Today, the bitcoin white paper written by the mysterious character Satoshi Nakamoto is 11 years old. That is to say, 11 years ago today, Nakamoto published the first public-facing document, outlining A decentralized ledger and currency system he called "bitcoin."
Coincidentally, on the same day, the Bitcoin blockchain reached an important milestone.
- Blockchain talent shortage: annual salary of 200,000, unable to recruit blockchain engineers
- Market analysis on September 23: How long is it from a large-scale air strike?
- The rebound of the market is insufficient, pay attention to short-term risks
- Market analysis: the anti-pumping strength is not strong, the decline relay pattern is obvious
- Former Fed officials: Ending US dollar hegemony with digital currency simply won't work
- Where is the future of Ethereum? The most important meeting in the blockchain industry revealed this valuable information.
According to Yassin Elmandjra, a crypto asset analyst at market research/fund management firm ARK Invest, the Bitcoin network has now paid $1 billion in fees. In short, the total handling fee for all bitcoin transactions has reached $1 billion so far. too crazy!
What's more remarkable about this number is that it is all done through a decentralized system, and the fees are allocated to the global miners' group, who volunteer to maintain the blockchain for monetary rewards.
"Official! The cumulative fee income of the Bitcoin network has exceeded $1 billion."
Tuur Demeester, founding partner of Adamant Capital, best described this statistic when he wrote on Twitter today, which actually means “$1 billion to fund the world's most powerful firewall.”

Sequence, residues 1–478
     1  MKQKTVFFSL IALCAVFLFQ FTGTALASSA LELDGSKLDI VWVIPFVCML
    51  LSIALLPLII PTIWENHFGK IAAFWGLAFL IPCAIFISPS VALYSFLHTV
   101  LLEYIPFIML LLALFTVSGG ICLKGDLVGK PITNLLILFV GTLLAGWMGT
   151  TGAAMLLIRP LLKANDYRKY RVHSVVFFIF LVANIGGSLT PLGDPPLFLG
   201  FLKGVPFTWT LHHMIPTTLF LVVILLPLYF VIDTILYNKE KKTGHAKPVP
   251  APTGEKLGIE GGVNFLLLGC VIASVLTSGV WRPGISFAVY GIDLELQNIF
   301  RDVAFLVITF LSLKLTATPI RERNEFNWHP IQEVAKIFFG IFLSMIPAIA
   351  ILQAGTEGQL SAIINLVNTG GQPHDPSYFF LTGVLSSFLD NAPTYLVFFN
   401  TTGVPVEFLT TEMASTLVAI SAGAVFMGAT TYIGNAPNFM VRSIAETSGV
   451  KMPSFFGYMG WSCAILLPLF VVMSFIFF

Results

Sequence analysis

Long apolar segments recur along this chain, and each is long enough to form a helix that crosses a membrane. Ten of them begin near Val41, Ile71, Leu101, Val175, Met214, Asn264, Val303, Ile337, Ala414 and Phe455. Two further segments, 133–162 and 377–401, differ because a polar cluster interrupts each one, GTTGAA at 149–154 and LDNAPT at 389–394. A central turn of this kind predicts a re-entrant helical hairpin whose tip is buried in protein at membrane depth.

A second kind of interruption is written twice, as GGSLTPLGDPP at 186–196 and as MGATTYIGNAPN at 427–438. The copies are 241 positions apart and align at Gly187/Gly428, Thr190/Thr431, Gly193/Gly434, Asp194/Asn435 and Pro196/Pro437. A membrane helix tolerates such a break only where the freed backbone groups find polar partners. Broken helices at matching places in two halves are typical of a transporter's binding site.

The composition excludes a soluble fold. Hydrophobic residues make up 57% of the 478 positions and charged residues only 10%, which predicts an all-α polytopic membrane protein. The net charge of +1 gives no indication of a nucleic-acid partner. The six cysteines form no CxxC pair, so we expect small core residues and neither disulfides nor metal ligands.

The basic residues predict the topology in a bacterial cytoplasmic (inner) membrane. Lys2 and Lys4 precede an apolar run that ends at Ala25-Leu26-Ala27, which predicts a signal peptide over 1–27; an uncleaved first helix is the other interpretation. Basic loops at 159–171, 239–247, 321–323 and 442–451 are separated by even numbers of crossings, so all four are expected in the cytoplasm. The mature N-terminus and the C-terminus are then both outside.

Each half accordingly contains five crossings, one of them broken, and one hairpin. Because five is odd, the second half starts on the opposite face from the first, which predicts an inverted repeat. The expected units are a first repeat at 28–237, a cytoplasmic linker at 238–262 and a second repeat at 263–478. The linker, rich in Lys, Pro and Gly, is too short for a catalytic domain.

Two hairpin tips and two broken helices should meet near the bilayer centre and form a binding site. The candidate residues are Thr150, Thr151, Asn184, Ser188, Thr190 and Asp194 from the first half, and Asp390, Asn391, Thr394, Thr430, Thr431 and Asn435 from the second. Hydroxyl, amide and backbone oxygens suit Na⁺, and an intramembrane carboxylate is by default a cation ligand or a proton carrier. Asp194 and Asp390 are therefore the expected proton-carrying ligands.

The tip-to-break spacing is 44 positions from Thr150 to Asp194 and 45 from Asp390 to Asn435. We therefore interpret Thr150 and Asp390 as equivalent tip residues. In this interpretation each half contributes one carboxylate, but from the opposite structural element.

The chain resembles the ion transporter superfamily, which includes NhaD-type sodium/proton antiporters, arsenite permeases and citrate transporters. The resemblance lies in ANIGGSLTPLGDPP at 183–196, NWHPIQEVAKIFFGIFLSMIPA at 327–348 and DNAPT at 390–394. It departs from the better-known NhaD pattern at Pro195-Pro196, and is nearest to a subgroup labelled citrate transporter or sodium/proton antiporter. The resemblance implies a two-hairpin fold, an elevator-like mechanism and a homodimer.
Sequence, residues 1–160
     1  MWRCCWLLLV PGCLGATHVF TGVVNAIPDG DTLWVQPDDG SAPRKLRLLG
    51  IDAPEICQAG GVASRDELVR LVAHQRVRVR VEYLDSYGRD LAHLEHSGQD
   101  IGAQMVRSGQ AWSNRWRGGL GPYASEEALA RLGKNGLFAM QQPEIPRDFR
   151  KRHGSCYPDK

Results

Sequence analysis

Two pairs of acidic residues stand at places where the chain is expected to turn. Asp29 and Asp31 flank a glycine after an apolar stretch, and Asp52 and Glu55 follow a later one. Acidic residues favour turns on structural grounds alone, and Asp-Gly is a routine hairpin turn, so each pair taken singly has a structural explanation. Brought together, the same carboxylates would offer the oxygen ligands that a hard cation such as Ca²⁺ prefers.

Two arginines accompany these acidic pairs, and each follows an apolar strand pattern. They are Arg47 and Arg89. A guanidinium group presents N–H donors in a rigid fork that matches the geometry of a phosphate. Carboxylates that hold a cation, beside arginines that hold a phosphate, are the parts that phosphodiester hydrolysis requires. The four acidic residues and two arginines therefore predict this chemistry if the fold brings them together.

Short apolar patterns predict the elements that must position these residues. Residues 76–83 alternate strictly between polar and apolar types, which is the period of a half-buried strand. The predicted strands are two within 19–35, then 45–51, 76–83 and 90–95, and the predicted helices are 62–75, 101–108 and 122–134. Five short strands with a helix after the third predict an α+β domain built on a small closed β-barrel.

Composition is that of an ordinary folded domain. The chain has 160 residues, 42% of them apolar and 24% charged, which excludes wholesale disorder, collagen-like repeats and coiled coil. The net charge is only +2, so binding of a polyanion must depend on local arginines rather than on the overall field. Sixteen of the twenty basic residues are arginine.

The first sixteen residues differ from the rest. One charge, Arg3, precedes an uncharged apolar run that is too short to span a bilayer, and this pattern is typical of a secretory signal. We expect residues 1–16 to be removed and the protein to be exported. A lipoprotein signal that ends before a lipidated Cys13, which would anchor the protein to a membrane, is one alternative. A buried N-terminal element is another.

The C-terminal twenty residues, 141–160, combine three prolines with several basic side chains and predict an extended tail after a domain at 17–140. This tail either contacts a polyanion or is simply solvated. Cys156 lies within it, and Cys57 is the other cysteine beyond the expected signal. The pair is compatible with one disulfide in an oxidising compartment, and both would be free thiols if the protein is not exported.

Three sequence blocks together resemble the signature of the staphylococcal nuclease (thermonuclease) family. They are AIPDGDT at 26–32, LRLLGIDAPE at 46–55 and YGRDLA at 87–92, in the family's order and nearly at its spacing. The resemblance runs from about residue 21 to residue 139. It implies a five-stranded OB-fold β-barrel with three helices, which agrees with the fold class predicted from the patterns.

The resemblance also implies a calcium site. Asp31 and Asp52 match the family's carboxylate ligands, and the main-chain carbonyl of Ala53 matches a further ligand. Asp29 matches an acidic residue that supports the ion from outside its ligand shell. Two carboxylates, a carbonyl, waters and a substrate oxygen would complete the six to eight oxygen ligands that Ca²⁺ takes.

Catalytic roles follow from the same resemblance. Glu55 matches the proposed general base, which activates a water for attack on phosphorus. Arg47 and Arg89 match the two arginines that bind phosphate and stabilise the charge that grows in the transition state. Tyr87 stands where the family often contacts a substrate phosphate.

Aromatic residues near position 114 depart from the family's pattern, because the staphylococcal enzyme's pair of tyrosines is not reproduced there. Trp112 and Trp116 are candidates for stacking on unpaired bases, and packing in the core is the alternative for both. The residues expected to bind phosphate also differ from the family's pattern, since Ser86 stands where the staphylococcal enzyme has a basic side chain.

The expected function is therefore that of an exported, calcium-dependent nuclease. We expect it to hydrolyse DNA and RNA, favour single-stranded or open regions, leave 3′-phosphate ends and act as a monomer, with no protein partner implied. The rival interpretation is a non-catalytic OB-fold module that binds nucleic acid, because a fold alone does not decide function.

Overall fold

Bitcoin is not ready as a consumer payment method
Although Bitcoin is clearly already in use, the above statistics are not yet ready to become a consumer payment method.
Jack Dorsey, chief executive of Twitter and Square (two companies with relatively large cryptocurrency users), believes Bitcoin is not yet ready for large-scale adoption. He said that it is not "as a currency" and seems to refer to the basic processing speed of 7 transactions per second, which is pale compared to (centralized) PayPal, Visa and so on. Dorsey added:
"The peaks and valleys of Bitcoin make it like an investment asset, equivalent to gold. What we need to do is make it easier to use and use as currency, but it has not yet reached this point."
Dorsey's comments were supported by Blockstream Chief Strategy Officer Samson Mow. He said that seeing Bitcoin takes an average of 10 minutes to process transactions at the base level, sometimes even more than three hours, so Bitcoin can't be used in the global currency environment. He said: "You will not design a payment system that takes an average of 10 minutes to settle."
However, related solutions are in the pipeline. Bakkt, the bitcoin trading platform of the NYSE's parent company, the Intercontinental Exchange (ICE), will launch a payment application that can be used in Starbucks to consume cryptocurrencies. It's unclear how Bitcoin fits into this scenario, but the company is probably focusing on Bitcoin.